There’s Growing Room for Post-65 Workers in Today’s Economy
With longer lifespans, an increase in the number of people over the age of 65, and a declining approach to retirement as an “off switch” for working life, it isn’t surprising that the economy continues to make room for people who want to work beyond that age. Employers may seek out “older” workers who feel that there’s no expiration date on their skills and talents.
The Encore Career
In recent decades, a new wave of working-after-65 attitudes and practices have emerged across the country. This includes people remaining in their careers after reaching the conventional retirement age, starting second careers, or encore careers, in their 50s, or opening businesses and pursuing self-employment after decades spent in more traditional work settings.
The “post-retirement” career can often provide many of the features workers prize:
- Smaller commitment of time and energy
- Work experience that more closely matches individual preferences
- A way to reduce financial risk in later years by continuing to generate income
This would also allow other sources of retirement income, such as Social Security or private retirement savings, to remain untouched for a few years.
Of course, not every older worker remains in the workforce by choice, and some observers have pointed to this growing trend as a troubling indicator of declining income and rising cost of living.
Making the Decision
If you’re approaching the “traditional” age of retirement and contemplating whether you’re going to remain working, what are the issues you need to consider?
Should You Stay or Should You Go?
First, of course, decide whether you would like to continue working and earning income. If the answer is yes, figure out whether you’d like to stay in your current work situation or explore something new.
Your overall health should impact your decision, including your assessment of how your health may change in coming years. Also consider how long you might live, which you might be able to gauge by reviewing how long your family members lived.
If there are costs associated with continuing to work that would otherwise decline (e.g., buying prepared lunches and maintaining a work wardrobe), make sure you’ve factored them into your plan.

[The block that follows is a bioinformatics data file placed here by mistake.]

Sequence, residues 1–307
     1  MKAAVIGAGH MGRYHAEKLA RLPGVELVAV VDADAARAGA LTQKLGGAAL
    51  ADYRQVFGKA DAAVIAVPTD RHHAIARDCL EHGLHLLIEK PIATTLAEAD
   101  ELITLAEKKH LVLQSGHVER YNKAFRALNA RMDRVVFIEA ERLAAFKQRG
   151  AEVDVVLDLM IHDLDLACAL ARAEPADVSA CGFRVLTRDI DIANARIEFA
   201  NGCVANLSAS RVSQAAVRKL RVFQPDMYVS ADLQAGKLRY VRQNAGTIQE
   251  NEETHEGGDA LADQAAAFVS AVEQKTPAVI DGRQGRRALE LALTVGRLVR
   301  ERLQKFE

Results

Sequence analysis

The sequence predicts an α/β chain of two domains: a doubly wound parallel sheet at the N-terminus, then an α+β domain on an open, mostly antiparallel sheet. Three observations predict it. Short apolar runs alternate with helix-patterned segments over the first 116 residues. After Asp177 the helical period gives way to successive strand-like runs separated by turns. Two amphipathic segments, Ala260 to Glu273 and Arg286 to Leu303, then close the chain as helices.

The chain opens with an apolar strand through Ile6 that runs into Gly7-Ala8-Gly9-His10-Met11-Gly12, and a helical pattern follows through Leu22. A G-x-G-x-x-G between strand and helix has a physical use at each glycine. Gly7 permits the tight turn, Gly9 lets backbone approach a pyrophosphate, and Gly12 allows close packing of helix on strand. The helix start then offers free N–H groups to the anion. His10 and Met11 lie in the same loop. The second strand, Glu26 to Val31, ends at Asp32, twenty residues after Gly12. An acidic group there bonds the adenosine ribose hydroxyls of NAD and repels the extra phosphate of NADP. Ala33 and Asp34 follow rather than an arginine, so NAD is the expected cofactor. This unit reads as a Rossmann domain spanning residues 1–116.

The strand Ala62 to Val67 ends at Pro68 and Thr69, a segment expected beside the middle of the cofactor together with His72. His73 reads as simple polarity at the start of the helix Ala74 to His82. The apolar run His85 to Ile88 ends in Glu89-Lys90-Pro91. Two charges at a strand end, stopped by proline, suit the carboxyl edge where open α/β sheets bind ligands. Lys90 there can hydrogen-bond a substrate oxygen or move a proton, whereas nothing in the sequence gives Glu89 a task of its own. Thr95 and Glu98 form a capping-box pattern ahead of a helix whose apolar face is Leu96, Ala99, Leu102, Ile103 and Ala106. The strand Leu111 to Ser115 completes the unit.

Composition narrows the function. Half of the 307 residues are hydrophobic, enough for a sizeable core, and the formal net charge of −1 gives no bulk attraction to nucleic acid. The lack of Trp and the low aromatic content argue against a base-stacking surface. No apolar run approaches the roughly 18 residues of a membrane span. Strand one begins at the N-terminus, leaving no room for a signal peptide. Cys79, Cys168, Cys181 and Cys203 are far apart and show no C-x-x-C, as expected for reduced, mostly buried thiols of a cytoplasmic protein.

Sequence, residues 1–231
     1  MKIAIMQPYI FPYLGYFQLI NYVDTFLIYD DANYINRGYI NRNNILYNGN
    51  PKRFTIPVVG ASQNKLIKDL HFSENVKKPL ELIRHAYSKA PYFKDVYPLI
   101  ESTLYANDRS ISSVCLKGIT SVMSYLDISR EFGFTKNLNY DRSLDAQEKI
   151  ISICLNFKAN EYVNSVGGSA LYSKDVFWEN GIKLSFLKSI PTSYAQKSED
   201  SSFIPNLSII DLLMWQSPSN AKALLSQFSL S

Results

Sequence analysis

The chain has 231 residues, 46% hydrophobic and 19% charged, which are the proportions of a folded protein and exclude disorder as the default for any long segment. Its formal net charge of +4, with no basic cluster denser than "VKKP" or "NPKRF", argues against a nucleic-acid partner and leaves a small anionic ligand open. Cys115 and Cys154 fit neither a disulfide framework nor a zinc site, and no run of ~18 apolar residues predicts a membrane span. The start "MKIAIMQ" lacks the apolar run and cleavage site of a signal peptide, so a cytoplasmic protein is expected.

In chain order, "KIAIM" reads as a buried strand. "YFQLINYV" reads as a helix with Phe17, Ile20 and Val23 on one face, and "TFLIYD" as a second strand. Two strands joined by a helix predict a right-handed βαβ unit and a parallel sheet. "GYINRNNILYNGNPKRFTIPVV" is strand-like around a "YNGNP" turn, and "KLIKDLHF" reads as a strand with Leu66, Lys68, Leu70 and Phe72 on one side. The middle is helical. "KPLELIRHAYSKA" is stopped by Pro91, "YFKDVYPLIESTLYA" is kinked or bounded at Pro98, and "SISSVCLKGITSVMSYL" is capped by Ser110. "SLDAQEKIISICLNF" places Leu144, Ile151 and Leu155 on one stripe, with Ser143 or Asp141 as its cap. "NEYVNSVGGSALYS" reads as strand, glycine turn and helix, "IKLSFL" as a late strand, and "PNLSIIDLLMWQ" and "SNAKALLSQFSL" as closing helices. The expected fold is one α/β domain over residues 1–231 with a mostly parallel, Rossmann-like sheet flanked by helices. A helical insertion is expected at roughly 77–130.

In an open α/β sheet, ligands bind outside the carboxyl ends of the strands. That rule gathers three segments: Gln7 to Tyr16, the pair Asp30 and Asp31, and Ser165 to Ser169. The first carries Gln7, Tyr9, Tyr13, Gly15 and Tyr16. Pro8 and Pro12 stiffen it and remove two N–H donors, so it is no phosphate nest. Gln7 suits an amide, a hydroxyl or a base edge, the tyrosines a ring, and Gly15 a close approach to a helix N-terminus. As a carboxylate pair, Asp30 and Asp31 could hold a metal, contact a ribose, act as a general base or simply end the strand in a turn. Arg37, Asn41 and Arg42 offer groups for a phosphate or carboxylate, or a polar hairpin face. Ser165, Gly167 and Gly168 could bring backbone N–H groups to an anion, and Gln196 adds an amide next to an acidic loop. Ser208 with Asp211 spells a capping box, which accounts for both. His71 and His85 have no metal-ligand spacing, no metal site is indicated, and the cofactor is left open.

If you’re married, coordinate with your spouse, whether it’s so you can both remain in the workforce until a planned date, or you can harmonize your overall financial and estate plans. Other family members may also have expectations about how you’re going to spend your post-65 years, so you may want to touch base with them as well.
Sources of Retirement Funds
If you’re eligible for Social Security or an employer-sponsored workplace pension, or you have a private retirement savings account, make sure you understand what your options are for taking or deferring income from those sources, and the implications for each option. If you are married and there are multiple potential sources of retirement income for you to draw from, the task of optimizing income from all these sources may be complex, requiring careful consideration.
Finally, you’ll probably want to think about how you want the rest of your life to look and how you’re going to address financial challenges, such as unexpected health care costs, that could arise.
All in all, a plan to work after the age of 65—a “never-retire” retirement plan—can provide a source of continued income and fulfillment. Choosing not to retire provides the chance to remain in a work setting that is personally rewarding, explore something new, and help strengthen your financial position for the coming years.
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Thank you to Rosemary and Landroll for the inspiring notes below. Working makes us feel alive and active as well!